Why the Makers of Sweet 'N Low Are Trying to Target Younger Consumers

Cumberland Packing Launches First Campaign From New Agency Ammirati

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Sweet 'N Low is changing tack with a marketing campaign that attempts to reach a younger demographic and convince them that those ubiquitous pink packets aren't just for their moms' generation -- they're for women in their 20s and early 30s who have a sweet tooth but also watch their waistlines.

It's a bold push for the brand, which is owned by Brooklyn-based Cumberland Packing Corp. The family-owned firm has been in business for more than 50 years, and its portfolio of products also includes "Sugar in the Raw" and "Butter Buds."

In the past, a lot of messaging for the brand has focused on being the top zero-calorie sweetener, but now the brand wants to, in its words, "reclaim the drink world" with this push from agency Ammirati. Hired a few months ago after a review, Ammirati replaced indie hotshop Mother .

Sweet 'N Low's focus on tying messages to the beverage segment comes as soda companies are being blamed for obesity and as New York is considering a ban on large sugary drinks. At the same time, artificial sweeteners are drawing criticism for being unnatural, while natural sweeters often get slammed for lacking in taste. With such a splintered market, Sweet 'N Low is trying to stake its claim and warm itself beyond its core -- but aging -- customer base.

Monica Oliva, brand manager of Sweet 'N Low, acknowledged there's a challenge in marketing an artificial sweetener at a time when many consumers prefer organic and locally sourced products. But she also pointed out that the company has been observing the rise in popularity of drinks such as those in the SkinnyGirl line, which give consumers taste with fewer calories.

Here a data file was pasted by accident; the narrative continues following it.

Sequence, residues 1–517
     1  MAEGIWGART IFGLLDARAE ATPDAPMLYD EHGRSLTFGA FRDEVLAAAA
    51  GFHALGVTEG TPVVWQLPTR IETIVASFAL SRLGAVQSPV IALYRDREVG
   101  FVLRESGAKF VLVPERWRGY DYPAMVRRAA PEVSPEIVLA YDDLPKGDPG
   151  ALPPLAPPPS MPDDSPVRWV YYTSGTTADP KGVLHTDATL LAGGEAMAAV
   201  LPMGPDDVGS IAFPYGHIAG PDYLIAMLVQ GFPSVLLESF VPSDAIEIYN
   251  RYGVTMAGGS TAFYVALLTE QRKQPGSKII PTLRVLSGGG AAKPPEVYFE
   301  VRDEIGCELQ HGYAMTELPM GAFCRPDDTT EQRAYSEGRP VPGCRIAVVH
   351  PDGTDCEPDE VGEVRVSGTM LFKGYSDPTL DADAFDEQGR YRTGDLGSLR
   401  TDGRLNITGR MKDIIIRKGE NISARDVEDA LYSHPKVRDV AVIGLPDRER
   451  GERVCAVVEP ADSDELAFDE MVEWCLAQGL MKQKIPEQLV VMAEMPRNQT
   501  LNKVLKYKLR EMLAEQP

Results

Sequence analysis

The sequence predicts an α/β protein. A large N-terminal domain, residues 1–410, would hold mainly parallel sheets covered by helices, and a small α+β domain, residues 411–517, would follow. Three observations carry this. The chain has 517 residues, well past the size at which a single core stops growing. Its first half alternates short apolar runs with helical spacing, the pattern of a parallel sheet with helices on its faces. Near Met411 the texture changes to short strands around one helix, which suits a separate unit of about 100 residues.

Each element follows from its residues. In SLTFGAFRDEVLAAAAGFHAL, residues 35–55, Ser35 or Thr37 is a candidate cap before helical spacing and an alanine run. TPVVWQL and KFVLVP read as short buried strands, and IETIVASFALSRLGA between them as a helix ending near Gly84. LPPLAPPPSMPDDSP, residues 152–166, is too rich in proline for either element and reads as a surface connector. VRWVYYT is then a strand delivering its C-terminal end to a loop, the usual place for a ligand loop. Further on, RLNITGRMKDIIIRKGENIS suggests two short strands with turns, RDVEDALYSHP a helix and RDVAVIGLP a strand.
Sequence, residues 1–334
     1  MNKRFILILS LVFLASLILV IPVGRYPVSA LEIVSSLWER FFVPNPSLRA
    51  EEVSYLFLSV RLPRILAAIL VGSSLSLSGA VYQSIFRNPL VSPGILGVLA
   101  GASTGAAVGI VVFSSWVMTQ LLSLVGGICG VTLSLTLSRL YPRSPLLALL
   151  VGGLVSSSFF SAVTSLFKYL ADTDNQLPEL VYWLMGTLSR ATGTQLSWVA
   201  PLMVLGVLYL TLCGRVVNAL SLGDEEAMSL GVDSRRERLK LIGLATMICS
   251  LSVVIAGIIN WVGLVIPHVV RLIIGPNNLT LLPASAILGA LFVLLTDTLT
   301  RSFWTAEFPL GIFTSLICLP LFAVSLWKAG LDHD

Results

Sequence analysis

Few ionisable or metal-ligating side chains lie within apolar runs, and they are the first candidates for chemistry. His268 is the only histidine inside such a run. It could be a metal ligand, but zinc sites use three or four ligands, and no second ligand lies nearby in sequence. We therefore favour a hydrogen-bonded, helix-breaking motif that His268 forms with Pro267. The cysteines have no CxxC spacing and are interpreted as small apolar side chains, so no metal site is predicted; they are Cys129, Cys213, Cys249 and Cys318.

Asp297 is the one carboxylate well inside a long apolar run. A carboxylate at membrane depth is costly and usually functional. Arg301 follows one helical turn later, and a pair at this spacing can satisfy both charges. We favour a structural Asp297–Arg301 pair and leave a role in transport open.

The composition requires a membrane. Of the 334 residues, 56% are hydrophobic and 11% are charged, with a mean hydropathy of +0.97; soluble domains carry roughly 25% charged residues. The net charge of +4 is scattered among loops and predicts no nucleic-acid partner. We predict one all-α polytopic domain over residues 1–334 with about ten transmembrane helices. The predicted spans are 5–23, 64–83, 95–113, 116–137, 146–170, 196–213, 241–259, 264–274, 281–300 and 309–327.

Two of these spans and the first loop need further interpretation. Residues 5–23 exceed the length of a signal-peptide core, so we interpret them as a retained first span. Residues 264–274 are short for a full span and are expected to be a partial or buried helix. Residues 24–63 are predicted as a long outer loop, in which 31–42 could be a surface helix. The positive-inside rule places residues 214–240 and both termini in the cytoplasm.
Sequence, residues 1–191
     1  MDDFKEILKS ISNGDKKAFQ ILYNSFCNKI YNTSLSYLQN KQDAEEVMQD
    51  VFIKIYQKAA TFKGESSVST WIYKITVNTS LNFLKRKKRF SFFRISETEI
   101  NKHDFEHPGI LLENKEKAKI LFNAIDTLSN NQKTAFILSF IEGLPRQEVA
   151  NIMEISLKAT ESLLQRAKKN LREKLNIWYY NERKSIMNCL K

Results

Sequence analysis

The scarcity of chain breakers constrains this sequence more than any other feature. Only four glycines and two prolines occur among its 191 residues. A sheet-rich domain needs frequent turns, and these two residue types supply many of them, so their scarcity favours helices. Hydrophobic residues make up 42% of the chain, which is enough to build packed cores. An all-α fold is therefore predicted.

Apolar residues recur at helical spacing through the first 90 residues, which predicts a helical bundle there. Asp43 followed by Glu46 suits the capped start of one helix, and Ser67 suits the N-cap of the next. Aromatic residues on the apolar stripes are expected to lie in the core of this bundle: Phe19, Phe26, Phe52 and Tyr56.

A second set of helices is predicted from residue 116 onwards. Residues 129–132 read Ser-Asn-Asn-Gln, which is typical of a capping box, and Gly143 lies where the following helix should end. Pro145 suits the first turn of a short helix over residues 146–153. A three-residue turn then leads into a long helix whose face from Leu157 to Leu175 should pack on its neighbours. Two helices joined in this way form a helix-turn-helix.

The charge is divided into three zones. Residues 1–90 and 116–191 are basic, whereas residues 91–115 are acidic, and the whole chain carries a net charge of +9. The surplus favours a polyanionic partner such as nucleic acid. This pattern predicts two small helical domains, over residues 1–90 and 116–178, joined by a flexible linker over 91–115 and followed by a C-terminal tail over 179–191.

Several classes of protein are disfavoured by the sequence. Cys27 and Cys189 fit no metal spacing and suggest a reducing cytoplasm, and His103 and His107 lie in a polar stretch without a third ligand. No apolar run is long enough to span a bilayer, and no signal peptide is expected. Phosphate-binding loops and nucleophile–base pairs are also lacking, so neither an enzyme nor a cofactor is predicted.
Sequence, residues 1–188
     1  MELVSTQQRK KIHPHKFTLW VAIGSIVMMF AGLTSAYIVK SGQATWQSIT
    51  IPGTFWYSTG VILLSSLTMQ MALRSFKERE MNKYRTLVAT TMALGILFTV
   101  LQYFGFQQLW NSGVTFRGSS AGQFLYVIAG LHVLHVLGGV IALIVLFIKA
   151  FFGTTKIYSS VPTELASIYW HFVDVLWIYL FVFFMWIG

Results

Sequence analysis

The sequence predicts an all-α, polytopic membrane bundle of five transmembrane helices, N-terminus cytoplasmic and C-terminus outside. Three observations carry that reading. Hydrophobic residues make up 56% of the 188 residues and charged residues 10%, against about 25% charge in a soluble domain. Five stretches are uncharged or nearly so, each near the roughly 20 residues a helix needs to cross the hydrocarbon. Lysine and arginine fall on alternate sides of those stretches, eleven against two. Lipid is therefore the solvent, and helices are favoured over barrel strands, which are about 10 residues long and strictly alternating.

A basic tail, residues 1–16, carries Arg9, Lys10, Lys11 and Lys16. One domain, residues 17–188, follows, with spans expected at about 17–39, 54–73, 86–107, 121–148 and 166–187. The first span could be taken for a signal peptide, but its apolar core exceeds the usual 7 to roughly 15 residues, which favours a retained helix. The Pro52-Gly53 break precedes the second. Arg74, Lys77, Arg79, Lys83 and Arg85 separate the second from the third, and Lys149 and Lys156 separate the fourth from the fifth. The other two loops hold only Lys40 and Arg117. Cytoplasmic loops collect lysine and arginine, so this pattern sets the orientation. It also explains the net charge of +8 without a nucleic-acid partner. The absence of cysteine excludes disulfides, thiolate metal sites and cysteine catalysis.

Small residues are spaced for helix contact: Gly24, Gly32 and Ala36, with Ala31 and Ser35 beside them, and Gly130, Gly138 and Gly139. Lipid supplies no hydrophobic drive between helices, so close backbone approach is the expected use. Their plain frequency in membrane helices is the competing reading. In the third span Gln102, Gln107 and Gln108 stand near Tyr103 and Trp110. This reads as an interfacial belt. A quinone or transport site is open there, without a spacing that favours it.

"We definitely recognize that there's a market within the younger generation for more natural products, but at the same time our value proposition comes in for those younger consumers who are more calorie-conscious ... there's definitely an opportunity," Ms. Oliva said.

The company is also trying to embrace the polarizing taste of the product. "Sweet 'N Low is not just an alternative to sugar -- it is a separate product with a distinct flavor profile and unique sweetness that our consumers love," said Catherine Steffen, director of marketing at Cumberland, in a statement.

For the campaign, Ammirati worked with L.A.-based firm Blind to create a hand-crafted "sweeter world," consisting of mini-environments made entirely out of paper to reference the pink paper packets. Using hundreds of sheets of paper, and in consultation with a papercraft model maker, the team created origami-like landscapes that include vistas, skyscrapers, delivery trucks and even mini Sweet 'N Low billboards.

It was the only idea Ammirati presented, incidentally, landing the shop the business after a review process. Sweet 'N Low joined a roster at the New York-based shop that includes Zynga, Powerade, VitaminWater, EnergyKitchen, Pirate's Booty and FlyWheel.

The "Sweeter World" concept has been translated into print ads, web banners, in-store advertising and a stop-motion-animation commercial that consumers will see this summer.

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